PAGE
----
CareersDragon Mon 18-Nov-13 12:55:17

Ahh. In Wales I'm afraid you need to be under 24 years of age (or to have just been made redundant) to see an Adviser face-to-face. They are happy to give some advice & guidance over the phone or via email though. See their website:

If you're anywhere near Gwent, I've just offered to set up a local support group for people considering returning to the workplace, via Mumsnet Local (Monmouthshire & Newport). You would be very welcome!

Quite separate from this, I have set up my own freelance business with another ex-Careers Wales colleague offering careers guidance & coaching: We roughly cover the areas of Gwent, Caerphilly, Blaenau Gwent, Cardiff & the Vale etc...

CMOTDibbler Mon 18-Nov-13 12:57:15

In my company we have lots of part time engineers and especially the quality engineers. In fact of the three software quality engineers on one of my teams 2 work pt, 1 works compressed hours, and 2 are homebased. On the complaints leadership team, 2 of 3 are homebased, the other works compressed hours.

HnZ Wed 20-Nov-13 13:21:40

Thank you all. Thanks Career Dragon, unfortunately I'm in West Wales otherwise would have come along.

I'm 8 years out of engineering already (I've done some freelance stuff along the way but nothing engineering related) so just feel like everything is out of date and perhaps a fresh start would be better? I doubt if anyone would want me in that field now.

CareersDragon Wed 20-Nov-13 16:04:36

Don't underestimate your value! There is a shortage of qualified engineers, so you may find that employers will snap you up & refresh your skills! Only you can decide what's right for you though.
Do you have a business idea? If so, perhaps you could start it off in a small way now, to see how it goes... I can thoroughly recommend the free business courses, funded by the Welsh Govt, that talk you through what you need to know. They also provided us with a very useful & supportive mentor. See:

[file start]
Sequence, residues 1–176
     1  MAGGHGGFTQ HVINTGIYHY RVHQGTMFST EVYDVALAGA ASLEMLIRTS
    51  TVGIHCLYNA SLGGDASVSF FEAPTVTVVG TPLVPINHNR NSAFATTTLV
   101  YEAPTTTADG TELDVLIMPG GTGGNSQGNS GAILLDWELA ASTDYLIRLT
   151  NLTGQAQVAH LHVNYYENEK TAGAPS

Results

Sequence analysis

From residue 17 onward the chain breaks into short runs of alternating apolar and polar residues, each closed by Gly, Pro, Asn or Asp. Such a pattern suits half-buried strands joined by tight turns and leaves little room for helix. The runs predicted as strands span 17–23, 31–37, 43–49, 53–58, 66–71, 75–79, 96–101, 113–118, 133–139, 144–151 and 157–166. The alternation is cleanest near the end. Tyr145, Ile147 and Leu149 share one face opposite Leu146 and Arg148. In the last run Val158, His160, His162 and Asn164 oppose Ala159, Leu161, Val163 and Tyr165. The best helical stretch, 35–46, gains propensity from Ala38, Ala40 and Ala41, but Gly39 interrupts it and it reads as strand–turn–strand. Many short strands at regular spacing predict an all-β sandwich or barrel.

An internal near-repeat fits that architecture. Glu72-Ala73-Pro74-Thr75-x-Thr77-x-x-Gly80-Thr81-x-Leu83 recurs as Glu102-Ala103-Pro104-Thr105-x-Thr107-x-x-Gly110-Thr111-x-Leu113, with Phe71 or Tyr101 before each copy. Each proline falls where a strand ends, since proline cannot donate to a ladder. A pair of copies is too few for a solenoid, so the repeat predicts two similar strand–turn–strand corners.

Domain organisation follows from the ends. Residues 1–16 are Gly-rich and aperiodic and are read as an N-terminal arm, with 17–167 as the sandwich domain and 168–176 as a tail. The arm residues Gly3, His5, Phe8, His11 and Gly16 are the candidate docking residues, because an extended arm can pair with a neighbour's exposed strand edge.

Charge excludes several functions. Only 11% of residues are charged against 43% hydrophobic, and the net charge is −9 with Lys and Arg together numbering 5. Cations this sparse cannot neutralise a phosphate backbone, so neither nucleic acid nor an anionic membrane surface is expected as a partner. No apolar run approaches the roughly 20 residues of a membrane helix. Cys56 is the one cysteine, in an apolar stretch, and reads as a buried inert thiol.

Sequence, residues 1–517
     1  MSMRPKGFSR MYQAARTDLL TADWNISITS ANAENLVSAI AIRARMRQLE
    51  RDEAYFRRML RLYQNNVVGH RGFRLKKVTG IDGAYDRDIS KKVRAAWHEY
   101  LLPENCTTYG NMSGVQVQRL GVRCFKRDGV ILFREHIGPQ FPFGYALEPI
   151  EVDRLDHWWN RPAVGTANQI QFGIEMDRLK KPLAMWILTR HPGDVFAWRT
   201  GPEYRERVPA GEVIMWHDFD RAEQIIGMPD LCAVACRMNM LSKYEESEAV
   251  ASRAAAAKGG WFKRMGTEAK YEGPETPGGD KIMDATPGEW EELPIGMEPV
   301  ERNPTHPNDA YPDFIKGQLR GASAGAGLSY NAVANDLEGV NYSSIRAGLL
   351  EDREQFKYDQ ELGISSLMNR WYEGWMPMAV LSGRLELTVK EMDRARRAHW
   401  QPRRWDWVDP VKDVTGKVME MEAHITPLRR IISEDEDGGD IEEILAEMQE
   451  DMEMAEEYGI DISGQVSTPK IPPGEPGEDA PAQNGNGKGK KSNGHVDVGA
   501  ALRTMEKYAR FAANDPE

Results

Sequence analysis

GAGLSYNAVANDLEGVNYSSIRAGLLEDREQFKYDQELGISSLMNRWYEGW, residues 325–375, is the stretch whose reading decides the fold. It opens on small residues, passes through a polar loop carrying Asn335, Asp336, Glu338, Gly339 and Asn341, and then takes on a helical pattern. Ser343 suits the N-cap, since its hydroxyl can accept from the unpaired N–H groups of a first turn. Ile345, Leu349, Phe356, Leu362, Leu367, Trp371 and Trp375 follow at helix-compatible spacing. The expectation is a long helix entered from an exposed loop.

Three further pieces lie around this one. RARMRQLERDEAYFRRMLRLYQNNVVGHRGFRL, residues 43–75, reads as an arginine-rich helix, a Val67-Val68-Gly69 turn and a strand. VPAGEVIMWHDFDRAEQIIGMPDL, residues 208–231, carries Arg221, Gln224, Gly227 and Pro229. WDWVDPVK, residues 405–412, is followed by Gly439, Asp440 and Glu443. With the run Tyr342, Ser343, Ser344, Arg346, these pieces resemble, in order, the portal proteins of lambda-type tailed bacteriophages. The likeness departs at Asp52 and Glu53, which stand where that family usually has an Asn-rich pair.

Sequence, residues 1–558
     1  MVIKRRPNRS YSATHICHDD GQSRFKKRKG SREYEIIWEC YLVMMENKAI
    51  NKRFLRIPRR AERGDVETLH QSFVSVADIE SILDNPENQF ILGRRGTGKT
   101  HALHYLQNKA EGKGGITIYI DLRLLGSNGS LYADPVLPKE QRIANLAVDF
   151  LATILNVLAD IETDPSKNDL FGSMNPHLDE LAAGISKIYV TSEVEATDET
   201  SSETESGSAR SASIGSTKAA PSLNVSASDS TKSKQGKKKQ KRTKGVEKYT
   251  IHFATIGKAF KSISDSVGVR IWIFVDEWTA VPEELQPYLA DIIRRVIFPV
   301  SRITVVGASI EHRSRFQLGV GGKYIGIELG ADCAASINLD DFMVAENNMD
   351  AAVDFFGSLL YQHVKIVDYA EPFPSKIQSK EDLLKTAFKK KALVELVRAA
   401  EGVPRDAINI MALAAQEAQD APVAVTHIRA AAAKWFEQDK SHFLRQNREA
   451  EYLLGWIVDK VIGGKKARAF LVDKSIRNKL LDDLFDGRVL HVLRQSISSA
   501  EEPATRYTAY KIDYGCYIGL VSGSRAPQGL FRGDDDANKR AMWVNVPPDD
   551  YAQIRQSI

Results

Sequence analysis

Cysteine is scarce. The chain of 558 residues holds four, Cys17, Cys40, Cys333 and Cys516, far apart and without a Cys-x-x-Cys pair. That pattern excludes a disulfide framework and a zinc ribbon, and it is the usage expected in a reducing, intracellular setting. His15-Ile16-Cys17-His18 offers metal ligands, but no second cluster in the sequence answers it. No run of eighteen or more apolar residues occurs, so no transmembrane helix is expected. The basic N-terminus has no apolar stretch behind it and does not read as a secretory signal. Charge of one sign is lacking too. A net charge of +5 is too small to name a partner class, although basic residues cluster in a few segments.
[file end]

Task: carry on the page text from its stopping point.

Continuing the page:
ilovemountains Wed 20-Nov-13 18:35:01

Are you a member of an engineering institution? Some of those provide excellent careers advice, as well as run courses and have networks you can tap into.
We've recruited a number of engineers recently who have spent quite a few years out of the work place, some are part time, some do some work from home.

HnZ Wed 20-Nov-13 18:36:55

Thank you CareersDragon for your kind wordsthanks.

I do have a business idea too, something that would build on my transferable skills that I've gained in the past but I think I would need to do some short courses/ gain qualifications to 'prove' my skills to a client iyswim. It's something I can research, prepare and plan for in the next couple of years and then go for it when my DD starts school. I am drawn to this idea as I think it would give me the freedom to set my own hours and holidays and possibly make more money in a shorter period of time (or not!!!).

I'm also going to apply for a new freelance opportunity soon, which will use some of my old skills and engineering knowledge. I'd love to get that position in the meantime and keep it until I'm ready to go. Just a bit nervous of messing it up as I don't think there's anything else like it around.

Thanks for the link, will have a look now. Good luck with your new Careers business too!

BikeRunSki Wed 20-Nov-13 18:39:10

Engineering journalism
Academic publishing
Work for one of the organisations that promotes STEM subjects

HnZ Wed 20-Nov-13 18:39:13

Thanksthanks I love mountains, I was a member when I was working/ studying. I'll have a look! That's good news about your company recruiting people without recent experience, really encouraging.

mrsseed Wed 20-Nov-13 18:49:34

I'm an ex-civil engineer. I gave it up partly as I wanted to be able to live in once place all the time and not just weekends. (you have to travel to where the next construction site is, and often end up in a caravan during the week far away from home-something even after school clubs cant cater for!). I noticed that the health and safety advisors had a 'patch' to look after and visited the sites in their patch as neccesary.
I retrained to become a chartered health and safety manager, specialising in construction. I get home every night now! My previous career is still relevant as I understand the business and so can give good advice.
Maybe there is a related job role you can do. Bear in mind that doing another degree + professional qualifications can take years.

HnZ Wed 20-Nov-13 19:58:39